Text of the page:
NORTH ATTLEBOROUGH — As many as 20 law enforcement officers, police dogs, and a locksmith descended on the home of New England Patriots player Aaron Hernandez on Saturday afternoon, conducting a nearly four-hour search of the property and leaving with bags of possible evidence.
The search, which included local and State Police, came after days of investigation into what role, if any, Hernandez played in the slaying of his acquaintance Odin Lloyd, whose bullet-ridden body was found in a nearby industrial park Monday evening.
What had been a dull scene of staked-out media members began bustling with activity about 1:45 p.m. Saturday when multiple uniformed and plainclothes officers parked in the driveway and entered the home.
Officers guided two dogs throughout the sprawling home and backyard. Hernandez’s white sport utility vehicle was searched. North Attleborough police directed traffic around the scene, as neighbors gathered to watch with a pack of reporters that has been outside the star tight end’s home for days.
About an hour into the search, police carried a pry bar into the house. A short time later, a local locksmith arrived at the scene, and was directed inside by the police. He stayed only minutes before leaving, giving no indication of what he had been summoned to open, or whether he was successful.
Police emerged from the house around 5:25 p.m. carrying about a half-dozen brown paper bags of possible evidence that they loaded into one of their vehicles before driving away.
Spokesmen for State Police and for the Bristol district attorney’s office each declined to comment on the activity at Hernandez’s home, including whether a search warrant had been executed.
Hernandez’s lawyer, Michael Fee, who arrived at the house about two hours after police, remained in the house after the officers departed for a brief time.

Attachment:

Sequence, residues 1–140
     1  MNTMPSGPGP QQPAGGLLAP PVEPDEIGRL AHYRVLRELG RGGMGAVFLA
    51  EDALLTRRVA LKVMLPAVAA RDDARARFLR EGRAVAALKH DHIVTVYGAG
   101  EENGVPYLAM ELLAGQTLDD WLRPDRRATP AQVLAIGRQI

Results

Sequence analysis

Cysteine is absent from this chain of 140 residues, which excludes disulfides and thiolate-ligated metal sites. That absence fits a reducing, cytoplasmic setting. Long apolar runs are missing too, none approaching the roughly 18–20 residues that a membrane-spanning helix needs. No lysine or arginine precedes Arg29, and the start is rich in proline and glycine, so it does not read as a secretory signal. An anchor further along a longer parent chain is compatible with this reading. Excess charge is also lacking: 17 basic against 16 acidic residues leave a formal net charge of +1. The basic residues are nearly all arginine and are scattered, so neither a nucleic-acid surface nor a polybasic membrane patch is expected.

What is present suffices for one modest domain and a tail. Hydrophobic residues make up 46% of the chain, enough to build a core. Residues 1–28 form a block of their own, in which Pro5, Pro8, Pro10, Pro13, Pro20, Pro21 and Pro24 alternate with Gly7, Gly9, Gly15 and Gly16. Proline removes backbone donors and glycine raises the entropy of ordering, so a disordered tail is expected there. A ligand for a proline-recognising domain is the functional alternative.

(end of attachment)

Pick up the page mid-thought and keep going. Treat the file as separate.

The Bristol district attorney’s office has declined to comment on the current status of the investigation but repeated on Saturday that any major development in the case — including a warrant, arrest, or charges — would be publicly announced.
This was the second major search of the player’s home, after an initial search Tuesday. Attleboro District Court Clerk Magistrate Mark Sturdy said Friday that three search warrants had been obtained by police investigating Lloyd’s death, but they have not filed the paperwork reporting what, if anything, they have seized.
The owner of Club Desire, a strip club in Providence, confirmed that the club was searched last week by law enforcement in connection with the investigation, but he declined to elaborate on the nature of the search.
“Yeah, they came here,” said Gerard DiSanto, the strip club’s owner, when reached by phone by the Globe Saturday afternoon. He declined to comment further.
The Patriots star, who remains under intense public scrutiny, has not commented on reports that police have recovered video apparently showing him and Lloyd together in Boston early Monday morning, hours before Lloyd was found dead in the industrial park, about a mile from Hernandez’s home.
In Dorchester, at Lloyd’s home on Fayston Street, his mother, Ursula Ward, said her son’s funeral will be held Saturday morning at the Church of the Holy Spirit of Mattapan. She asked for privacy as her family grieves.
Lloyd, 27, was a semi-pro linebacker for the local Boston Bandits football team.
Hernandez spent Thursday night at the Sheraton Hotel, which is connected to the Prudential Center in Boston, where the firm Fee works for, Ropes and Gray, is located. He met with Fee Friday and returned home around 4:40 p.m. with the lawyer and one other man. He has not been seen outside since.
Media members have maintained a lengthy vigil over the past week, with cameras perpetually pointed in the direction of the house on Ronald C. Meyer Drive for any sign of the Patriots player.
Shortly before 10 a.m. Saturday, a news helicopter appeared. Cars continued to pass by the house in Westwood Estates, a neighborhood home to several other current and former New England Patriots players, to check out the scene and take photos on their cellphones.
Around lunchtime, a young woman came out of the house, retrieved some papers from a car in the driveway and brought them back into the house. A little while later she left in a silver Nissan with another woman, and returned soon after.
Shortly after 7 Saturday night, Hernandez approached the door and looked out at the crowd of reporters and curious onlookers.
Then he walked away.
Globe correspondents Nikita Lalwani, Javier Panzar, and Gal Tziperman Lotan contributed to this report. Wesley Lowery can be reached at firstname.lastname@example.org. Follow him on Twitter @WesleyLowery. Juliet Pennington can be reached email@example.com. Mark Arsenault can be reached at firstname.lastname@example.org. Follow him on Twitter@bostonglobemark.